The Fashion for Good initiative has linked up with C&A and Levi’s for a new pilot project to test compostable alternatives to conventional single-use polybags for garments, media reported.
The six-month ‘Home-Compostable Polybag Project’ will test bio-based bags designed to compost at home or in municipal facilities from Fashion for Good innovators TIPA Corp and Greenhope.
The bags to be tested contain 23%-25% bio-based content generated from biological feedstock, such as food crops, organic waste and wood pulp, combined with petroleum-based feedstocks.
Fashion for Good says an estimated 180 billion polybags are currently produced every year to store, transport and protect apparel and footwear.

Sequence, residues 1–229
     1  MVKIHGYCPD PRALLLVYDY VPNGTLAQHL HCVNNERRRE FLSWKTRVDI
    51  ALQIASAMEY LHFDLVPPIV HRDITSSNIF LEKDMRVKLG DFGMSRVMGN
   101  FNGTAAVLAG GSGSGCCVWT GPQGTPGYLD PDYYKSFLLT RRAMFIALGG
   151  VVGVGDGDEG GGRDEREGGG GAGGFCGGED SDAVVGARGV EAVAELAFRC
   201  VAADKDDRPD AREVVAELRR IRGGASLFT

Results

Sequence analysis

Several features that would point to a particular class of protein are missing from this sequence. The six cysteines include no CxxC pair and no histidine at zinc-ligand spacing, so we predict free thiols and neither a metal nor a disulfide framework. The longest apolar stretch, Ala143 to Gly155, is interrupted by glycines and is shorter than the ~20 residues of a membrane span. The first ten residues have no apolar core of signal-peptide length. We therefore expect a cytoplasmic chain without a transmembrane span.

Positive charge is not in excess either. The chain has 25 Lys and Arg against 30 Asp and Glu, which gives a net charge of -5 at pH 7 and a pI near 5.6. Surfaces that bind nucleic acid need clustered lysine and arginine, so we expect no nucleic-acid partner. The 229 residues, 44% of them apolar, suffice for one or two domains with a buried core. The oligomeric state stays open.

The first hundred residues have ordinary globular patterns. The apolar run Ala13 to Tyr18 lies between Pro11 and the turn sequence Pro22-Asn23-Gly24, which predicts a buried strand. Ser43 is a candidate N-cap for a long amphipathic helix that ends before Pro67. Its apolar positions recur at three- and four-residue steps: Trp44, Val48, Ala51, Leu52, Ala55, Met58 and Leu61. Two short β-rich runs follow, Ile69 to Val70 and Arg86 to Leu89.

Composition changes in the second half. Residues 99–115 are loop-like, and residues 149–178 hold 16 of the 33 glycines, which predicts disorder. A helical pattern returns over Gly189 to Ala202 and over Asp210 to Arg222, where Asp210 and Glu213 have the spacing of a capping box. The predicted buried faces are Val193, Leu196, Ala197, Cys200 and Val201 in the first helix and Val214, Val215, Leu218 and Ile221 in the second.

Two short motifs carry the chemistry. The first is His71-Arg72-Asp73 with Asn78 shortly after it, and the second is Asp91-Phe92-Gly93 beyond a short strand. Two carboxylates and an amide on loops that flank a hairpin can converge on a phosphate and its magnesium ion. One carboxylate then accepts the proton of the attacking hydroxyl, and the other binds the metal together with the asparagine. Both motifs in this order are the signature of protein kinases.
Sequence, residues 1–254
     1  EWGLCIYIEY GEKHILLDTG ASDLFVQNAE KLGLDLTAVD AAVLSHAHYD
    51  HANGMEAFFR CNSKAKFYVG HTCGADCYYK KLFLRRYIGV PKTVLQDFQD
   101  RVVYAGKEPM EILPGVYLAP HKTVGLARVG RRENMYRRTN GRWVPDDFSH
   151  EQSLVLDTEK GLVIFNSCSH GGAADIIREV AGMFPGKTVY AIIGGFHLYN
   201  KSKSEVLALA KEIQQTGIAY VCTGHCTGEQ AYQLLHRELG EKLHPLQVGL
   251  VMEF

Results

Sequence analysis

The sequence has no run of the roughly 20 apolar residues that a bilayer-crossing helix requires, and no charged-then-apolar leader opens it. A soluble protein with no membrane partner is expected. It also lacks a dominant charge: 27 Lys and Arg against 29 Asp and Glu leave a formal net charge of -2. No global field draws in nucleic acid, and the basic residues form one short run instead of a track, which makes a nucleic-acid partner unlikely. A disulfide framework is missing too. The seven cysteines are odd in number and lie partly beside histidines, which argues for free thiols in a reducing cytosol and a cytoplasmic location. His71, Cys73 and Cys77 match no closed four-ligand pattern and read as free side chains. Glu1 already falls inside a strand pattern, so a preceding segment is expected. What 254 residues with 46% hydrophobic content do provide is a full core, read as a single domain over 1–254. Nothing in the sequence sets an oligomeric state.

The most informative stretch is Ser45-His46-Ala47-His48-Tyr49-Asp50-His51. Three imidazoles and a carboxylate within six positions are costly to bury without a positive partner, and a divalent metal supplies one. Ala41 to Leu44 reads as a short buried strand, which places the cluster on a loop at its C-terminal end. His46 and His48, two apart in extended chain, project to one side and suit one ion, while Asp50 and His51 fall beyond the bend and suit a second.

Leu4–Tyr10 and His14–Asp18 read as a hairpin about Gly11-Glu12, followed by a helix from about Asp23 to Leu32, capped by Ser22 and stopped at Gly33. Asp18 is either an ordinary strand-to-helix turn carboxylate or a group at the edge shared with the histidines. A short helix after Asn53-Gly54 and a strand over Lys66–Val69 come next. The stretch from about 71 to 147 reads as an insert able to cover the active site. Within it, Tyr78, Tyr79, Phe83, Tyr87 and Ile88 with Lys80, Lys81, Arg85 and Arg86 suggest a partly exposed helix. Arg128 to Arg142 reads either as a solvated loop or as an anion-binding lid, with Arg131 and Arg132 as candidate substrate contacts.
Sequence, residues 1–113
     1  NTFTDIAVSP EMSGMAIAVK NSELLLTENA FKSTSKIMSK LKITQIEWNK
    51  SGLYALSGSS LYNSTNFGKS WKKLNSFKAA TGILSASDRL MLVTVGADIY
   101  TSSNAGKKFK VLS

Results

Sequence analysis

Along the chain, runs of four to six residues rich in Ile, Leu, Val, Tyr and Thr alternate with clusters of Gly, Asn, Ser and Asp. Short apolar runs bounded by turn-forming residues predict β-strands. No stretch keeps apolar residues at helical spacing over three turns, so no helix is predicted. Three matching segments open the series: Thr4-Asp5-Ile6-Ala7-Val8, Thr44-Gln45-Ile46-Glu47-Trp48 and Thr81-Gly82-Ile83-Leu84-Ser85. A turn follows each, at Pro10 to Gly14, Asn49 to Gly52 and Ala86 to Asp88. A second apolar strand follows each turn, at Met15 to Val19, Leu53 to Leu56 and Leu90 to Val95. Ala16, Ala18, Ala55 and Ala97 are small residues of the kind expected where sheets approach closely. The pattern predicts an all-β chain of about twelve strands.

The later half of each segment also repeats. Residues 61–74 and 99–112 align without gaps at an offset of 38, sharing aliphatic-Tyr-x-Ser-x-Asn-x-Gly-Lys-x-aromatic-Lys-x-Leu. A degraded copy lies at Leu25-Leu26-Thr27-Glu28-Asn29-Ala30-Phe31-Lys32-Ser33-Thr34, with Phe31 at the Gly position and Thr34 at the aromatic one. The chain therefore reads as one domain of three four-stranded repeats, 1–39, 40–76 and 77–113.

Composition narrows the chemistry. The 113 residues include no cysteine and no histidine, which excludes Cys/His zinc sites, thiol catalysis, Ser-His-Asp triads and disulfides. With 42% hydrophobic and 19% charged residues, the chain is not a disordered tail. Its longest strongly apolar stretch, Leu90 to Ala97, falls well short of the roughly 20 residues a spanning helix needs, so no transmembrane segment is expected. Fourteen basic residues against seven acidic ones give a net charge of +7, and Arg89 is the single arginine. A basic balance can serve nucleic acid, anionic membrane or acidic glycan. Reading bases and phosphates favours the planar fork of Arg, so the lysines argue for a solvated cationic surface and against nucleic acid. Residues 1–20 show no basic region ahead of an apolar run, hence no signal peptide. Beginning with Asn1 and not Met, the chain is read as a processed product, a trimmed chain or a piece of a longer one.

They are commonly incinerated, landfilled or dumped, harming natural systems.
“Their production, use and end-of-use have a significant impact – conventional virgin polybags have a high carbon footprint and low recycling rates across the globe,” the organization said in a statement.
For the new project, C&A and Levi’s will test the use of home-compostable polybags, developed by TIPA Corp and Greenhope, in their supply chain as an alternative to conventional plastic polybags.
“This pilot project plays a crucial part in reaching C&A’s plastic reduction goal and contributes significantly to an industry wide transition,” commented Aleix Busquets Gonzalez, head of global sustainability at C&A.
Levi’s chief sustainability officer Jeffrey Hogue added: “This pilot not only moves us toward achieving our goal of eliminating single-use plastic in consumer-facing packaging by 2030, it also puts into practice the industry collaboration required to solve these ubiquitous challenges in hopes of reducing harmful elements within the apparel supply chain.”
The Home-Compostable Polybag Project is the third Fashion for Good polybag project following the Circular Polybag Pilot, completed in 2020, and Reusable Packaging, completed 2021, projects.